Let us always remember to extend compassion to the elderly and the infirm. It must not be forgotten that they have contributed significantly to our nation and must never fall by the wayside.

Our national heroes have left us a great heritage and legacy to build on; let us preserve it for generations to come.

Peter Phillips

Leader of the Opposition

Once again it is time for us to recognise and celebrate the achievements of our national heroes. Collectively, their exploits and accomplishments have paved the way for Jamaica to move from plantation slavery to nationhood. The bravery and courage of Nanny of the Maroons and Sam Sharpe propelled us along the path from slavery to freedom. Paul Bogle and George William Gordon led the fight for social justice and access to land. Marcus Garvey gave Jamaicans the self-confidence to rise above their circumstances and compete successfully with the best in the race of life. Alexander Bustamante's deep commitment to the workers and Norman Manley's conf idence in Jamaica's capacity for self-government charted the course from colonialism to nationhood.

The journey from plantation slavery to nationhood has made us a proud visionary and ambitious people; always striving for excellence, committed to equality and social justice, and caring for each other. However, we need to bear in mind that with each passing year fewer and fewer Jamaicans have any living memory of any of our heroes. It is therefore of the utmost importance that we utilise the media, the classroom, and our creative artists to inform and educate our children of the great heritage and the great legacy that we have inherited.

Today, as we celebrate our national heroes, let us also pause to recognise the tremendous contribution of the thousands of our ordinary Jamaican citizens who have given and continue to give service way beyond the call of duty to keep Jamaica going.

Particularly at this time, we pay tribute to the members of our security forces who put their lives on the line, battling violent criminals, often without adequate support. We also pay respect to our teachers, health care workers, and the other public sector workers who often give of their personal time and resources to keep the nation's social services functioning in very difficult circumstances. Respect is also due to the thousands of Jamaicans who give voluntary service through their citizens' associations, neighbourhood watches, or youth clubs on behalf of their fellow citizens.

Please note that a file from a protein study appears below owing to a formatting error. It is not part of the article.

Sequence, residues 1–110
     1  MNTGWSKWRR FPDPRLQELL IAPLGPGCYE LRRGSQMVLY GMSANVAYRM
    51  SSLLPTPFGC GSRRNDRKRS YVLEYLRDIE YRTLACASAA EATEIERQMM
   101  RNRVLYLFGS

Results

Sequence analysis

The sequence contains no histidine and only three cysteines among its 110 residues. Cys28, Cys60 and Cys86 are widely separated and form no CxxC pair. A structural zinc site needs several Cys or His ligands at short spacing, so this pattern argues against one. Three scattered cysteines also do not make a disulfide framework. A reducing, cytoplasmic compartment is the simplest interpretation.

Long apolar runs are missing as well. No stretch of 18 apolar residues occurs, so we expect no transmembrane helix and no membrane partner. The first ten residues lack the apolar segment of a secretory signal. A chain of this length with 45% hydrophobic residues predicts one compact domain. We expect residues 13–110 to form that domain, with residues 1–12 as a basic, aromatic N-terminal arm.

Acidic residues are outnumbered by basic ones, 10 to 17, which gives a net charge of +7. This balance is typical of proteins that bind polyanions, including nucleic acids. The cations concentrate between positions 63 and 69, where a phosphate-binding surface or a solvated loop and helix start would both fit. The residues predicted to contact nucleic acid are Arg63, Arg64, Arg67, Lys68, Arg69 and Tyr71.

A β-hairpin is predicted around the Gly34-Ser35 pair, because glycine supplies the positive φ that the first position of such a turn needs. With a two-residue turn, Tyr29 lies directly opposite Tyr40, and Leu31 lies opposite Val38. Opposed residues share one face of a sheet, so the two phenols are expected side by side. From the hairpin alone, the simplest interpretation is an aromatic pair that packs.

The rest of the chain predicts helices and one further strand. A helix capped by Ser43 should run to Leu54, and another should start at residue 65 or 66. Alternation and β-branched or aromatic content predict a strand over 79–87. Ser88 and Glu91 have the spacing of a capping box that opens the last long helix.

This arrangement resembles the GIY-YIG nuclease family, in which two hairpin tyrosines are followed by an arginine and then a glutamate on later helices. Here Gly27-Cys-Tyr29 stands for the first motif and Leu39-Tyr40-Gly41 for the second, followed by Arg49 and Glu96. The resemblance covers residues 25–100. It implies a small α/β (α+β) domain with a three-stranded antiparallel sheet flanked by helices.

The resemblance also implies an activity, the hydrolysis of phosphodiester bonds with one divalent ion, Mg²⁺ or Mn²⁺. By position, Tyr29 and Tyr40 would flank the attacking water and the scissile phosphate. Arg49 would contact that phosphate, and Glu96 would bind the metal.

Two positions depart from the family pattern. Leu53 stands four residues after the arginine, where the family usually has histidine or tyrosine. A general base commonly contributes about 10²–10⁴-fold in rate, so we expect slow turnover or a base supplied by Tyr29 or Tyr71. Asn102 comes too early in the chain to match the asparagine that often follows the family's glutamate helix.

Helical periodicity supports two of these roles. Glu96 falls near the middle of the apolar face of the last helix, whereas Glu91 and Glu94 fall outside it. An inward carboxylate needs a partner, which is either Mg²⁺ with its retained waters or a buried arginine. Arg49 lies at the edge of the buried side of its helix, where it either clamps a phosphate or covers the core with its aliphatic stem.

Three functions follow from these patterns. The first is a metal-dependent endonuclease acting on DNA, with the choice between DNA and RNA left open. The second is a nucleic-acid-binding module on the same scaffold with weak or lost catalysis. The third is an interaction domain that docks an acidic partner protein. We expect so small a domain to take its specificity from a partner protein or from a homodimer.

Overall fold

These are the present-day heroes who, by their collective effort, remind us that the vision, hopes and aspirations of the founding heroes of our nation are still to be fully realised. There are still too many suffering from poverty, joblessness, and lack of housing or access to land. Too many of our children are left behind in our educational system without adequate preparation for responsible citizenship and the world of work.

The Jamaica that our heroes lived, worked and died for is one in which no citizen would be a squatter in the land of their birth. In that Jamaica, no child would be left behind by an educational system which fails the majority of students. It would be a Jamaica in which every worker would have a fair share of the wealth they create and equal enjoyment the rights that our heroes secured for them.

This Jamaica, however, can only be built by a political leadership that places the highest premium on integrity and which is committed to the highest standards of public service, while recognising the importance of a partnership with the people they serve.

We can best honour our heroes by providing this leadership in our various areas of endeavour as we rededicate ourselves to the task of building a Jamaica that offers opportunity to all its people, and where we all share and care for each other.

Have a happy Heroes' Day and may God bless you all and Jamaica, land we love.